12 Reviews

My grandfather come from Denmark, and we had these every Christmas at their house. The recipe my grandmother used included chopped apples in the batter. She also added raisins to some. They were always rolled in powdered sugar or confectionary sugar when they were still hot out of the pan. Best if eaten warm. They don't hold longer than a day. Brings back old memories.

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Nance McKinney December 29, 2001

Love this recipe! I inherited a pan from my grandmother so decided to give them a try. Simple to make and delicious. I sprinkled them with powedered sugar and brought them to a holiday run where we finished four miles then had cookies and cocoa in the park. Everyone loved them. Definitely want to try them with apple in the middle. I did add some dried blueberries to some and they were even better. Made two batches and doubled the sugar and added a half tsp vanilla and decided both were equally good.

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MsTeechur December 22, 2011

Where are the 10 Stars to rate this recipe??? I bought an ableskiver pan last year, all excited to make this treat from my childhood. I had saved five recipes from a massive thread on this subject and expected to sit down with my family to a wonderful breakfast. BOY, was I wrong with THOSE recipes! :( Each and every one was an utter failure! I used milk or buttermilk; whole eggs or separated eggs; beaten egg whites folded into yolks. I was so frustrated and upset, that I vowed that I'd resell the pan on ebay this Winter.

Thank Goodness I did NOT! Bergy's recipe was my last ditch effort. I thought, how can a recipe that is SO simple beat out those ones that were vowed to be "authentic", took ages to cobble together, yet failed? Well, this recipe ROCKS! Each and every one of the twenty flawless ableskivers was devoured by my family and I. GREAT recipe, super simple, turns out like a dream...and NO FUSSING AROUND!!! I added 1/2 tsp.cardamom to the dry ingredients but didn't do anything different, not even allowing the batter to "rest" as so many other recipes recommended. First batch was plain; second batch had applesauce in it and third batch had lingonberries inside. Bergy: thank YOU for this classic, amazingly easy and tasty Danish recipe. I would have been mighty upset, selling my pan and THEN finding this recipe! Made for Kittencal's Scandinavian Tag Game 2010.

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The_Swedish_Chef October 02, 2010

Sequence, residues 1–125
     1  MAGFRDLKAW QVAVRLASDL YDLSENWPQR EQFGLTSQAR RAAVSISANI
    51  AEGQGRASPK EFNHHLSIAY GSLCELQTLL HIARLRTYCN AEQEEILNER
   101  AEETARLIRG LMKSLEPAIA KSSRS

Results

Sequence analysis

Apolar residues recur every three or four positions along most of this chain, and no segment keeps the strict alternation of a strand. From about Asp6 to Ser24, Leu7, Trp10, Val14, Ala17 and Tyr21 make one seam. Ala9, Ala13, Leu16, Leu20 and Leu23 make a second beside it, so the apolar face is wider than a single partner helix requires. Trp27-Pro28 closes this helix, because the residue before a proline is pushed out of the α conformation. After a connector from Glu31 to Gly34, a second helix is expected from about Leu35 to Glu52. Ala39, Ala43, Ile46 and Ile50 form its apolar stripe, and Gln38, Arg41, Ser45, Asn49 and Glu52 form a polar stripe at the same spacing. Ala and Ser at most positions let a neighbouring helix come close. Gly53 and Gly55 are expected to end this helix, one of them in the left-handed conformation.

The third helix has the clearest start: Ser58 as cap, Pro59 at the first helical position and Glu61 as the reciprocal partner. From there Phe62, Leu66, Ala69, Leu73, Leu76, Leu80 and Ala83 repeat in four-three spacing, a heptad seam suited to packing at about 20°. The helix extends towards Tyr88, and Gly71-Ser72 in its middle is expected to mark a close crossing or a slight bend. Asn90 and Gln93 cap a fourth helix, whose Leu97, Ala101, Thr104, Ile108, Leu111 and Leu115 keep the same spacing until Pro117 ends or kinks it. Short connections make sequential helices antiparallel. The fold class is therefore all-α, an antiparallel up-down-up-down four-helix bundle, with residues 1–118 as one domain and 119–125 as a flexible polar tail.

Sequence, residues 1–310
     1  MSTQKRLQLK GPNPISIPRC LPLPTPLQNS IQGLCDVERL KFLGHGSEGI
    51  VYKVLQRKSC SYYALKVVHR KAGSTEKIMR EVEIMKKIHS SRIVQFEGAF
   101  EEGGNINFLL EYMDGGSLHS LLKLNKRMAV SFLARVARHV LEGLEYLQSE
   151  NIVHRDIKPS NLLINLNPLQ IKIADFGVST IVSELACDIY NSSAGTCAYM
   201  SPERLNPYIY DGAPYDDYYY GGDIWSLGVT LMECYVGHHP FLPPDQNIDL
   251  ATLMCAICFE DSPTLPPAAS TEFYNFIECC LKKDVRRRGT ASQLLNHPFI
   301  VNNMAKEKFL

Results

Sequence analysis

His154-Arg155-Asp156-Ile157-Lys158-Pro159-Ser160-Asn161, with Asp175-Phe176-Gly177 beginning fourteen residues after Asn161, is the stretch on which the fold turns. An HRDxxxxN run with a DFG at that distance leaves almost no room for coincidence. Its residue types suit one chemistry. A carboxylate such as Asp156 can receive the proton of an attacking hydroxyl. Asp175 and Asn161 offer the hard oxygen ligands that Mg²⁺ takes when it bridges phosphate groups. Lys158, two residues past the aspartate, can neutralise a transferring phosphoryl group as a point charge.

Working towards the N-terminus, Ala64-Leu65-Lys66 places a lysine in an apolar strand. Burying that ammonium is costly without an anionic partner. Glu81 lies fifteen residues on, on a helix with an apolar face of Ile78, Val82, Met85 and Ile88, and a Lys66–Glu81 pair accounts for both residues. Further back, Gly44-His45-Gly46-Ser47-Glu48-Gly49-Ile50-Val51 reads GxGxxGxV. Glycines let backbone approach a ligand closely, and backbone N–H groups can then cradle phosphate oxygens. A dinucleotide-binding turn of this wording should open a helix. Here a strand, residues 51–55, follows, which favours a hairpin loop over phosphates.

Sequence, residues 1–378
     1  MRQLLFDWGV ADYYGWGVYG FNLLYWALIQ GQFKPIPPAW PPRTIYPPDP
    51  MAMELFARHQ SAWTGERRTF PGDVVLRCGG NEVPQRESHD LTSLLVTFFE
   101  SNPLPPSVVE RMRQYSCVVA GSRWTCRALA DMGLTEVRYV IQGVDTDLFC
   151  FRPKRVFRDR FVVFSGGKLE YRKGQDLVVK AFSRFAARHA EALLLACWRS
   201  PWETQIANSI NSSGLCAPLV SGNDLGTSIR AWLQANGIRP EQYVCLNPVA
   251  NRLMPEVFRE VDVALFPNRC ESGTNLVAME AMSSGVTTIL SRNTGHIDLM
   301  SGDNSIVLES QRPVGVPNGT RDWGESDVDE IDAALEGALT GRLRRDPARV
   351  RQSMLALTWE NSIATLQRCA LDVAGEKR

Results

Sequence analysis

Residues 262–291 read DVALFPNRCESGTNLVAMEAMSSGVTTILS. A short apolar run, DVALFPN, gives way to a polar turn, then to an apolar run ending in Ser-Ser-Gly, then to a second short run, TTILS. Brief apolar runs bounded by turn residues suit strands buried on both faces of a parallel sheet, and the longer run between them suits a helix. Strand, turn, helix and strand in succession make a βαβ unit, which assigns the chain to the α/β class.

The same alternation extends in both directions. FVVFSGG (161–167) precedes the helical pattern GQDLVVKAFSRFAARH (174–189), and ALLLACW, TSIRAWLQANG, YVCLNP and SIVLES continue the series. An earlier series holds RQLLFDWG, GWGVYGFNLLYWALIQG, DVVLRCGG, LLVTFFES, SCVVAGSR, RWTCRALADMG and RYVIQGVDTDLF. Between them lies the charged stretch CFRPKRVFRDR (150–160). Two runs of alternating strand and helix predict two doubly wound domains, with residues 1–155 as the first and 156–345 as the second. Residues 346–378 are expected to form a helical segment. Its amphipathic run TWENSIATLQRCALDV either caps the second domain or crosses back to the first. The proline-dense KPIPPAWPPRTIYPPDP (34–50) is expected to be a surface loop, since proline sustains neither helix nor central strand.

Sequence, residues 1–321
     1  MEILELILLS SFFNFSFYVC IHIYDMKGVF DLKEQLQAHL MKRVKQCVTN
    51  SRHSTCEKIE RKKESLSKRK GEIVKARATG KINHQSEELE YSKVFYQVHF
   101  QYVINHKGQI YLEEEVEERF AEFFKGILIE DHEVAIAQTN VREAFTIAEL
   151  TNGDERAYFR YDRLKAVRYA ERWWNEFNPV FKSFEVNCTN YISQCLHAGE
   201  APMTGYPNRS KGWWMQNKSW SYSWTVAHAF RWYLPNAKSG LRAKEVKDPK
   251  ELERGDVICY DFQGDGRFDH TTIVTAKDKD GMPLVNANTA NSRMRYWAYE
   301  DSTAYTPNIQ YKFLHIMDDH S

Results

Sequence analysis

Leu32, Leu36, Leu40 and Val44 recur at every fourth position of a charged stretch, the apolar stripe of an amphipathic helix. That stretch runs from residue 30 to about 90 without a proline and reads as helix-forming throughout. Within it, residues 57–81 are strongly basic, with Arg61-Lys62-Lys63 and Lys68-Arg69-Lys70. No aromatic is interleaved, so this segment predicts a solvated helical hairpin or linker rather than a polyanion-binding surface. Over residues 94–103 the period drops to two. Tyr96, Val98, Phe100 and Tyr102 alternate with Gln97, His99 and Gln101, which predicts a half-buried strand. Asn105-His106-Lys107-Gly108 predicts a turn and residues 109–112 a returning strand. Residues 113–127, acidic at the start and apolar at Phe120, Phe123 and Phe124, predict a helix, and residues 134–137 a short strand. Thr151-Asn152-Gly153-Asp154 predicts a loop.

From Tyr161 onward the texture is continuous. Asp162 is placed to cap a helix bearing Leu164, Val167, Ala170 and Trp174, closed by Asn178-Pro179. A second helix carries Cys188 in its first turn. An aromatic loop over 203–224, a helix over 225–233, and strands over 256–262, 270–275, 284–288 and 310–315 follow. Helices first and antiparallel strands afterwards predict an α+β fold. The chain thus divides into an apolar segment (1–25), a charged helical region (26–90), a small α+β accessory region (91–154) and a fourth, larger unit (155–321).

I enjoyed making this recipe and am glad I found it. It was quick to whip up this morning. I have been trying different recipes where you seperate the yolks from the whites and I just never liked the end product. I added a few dashes of cardamon and a bit of orange zest and a piece of chopped apple in the middle. I served it with butter and warmed apricot preserves. My kids prefer it with maple syrup.

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Mrs. Oliver March 28, 2010

Not bad. The authentic recipe calls for cream not milk & butter. My mor mor (grandma) always added cardamon to the recipe (1/2 tsp. would be good for this recipe) Plus we almost always put the apple in but it's good with jam too.

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pepper1152 March 07, 2008

We thought these were really yummy. After the first batch I added a little bit more sugar and a bit of vanilla. I filled them with small apple chunks and then topped them off with some maple syrup and lingonberry preserves. I found it was easiest to use two toothpicks to turn mine (my pan's a bit small). Thanks Bergy for a delicious and easy recipe!

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C. Taylor February 10, 2008

I bought my kit in Solvang. The recipe was such a pain, but this one is wonderful. Thanks so much for sharing it!!!

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the6sanders October 01, 2007

My mother learned to make these in a little Danish town in Minnesota where we lived when I was very young. We ate them as breakfast food. Our recipe calls for more eggs than this one, and we always sprinkled powdered sugar on them after they come out of the pan. Takes some practice with the knitting needle and the pan, but they're worth it.

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littlekitcheninbrooklyn July 02, 2006

My mother used to make these, except she always filled them with applesauce. They were delicious! We ate them at breakfast; I think the difference is just cultural, since in the US we tend to eat pastries more often in the morning than in the afternoon. I found my aebelskiver pan at a Scandinavian shop in a nearby town, but I've seen them sold online, too. I think Maid of Scandinavia (sweetcelebrations.com) has sold them in the past.

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Halcyon Eve June 19, 2006

In Denmark we mostly eat ├Žbleskiver around Christmas time. I have never heard of anyone eating them for breakfast. We serve them instead of cake with jam and powered sugar. Some people put a piece of apple in the middle, right before you flip them in the pan - which is why they are called "├Žble" since that mean apple in Danish. The apple part is from the old days - since most people buy them premade and then they don't contain apple.

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Kristina_DK November 20, 2005
Ableskiver - Danish Doughnuts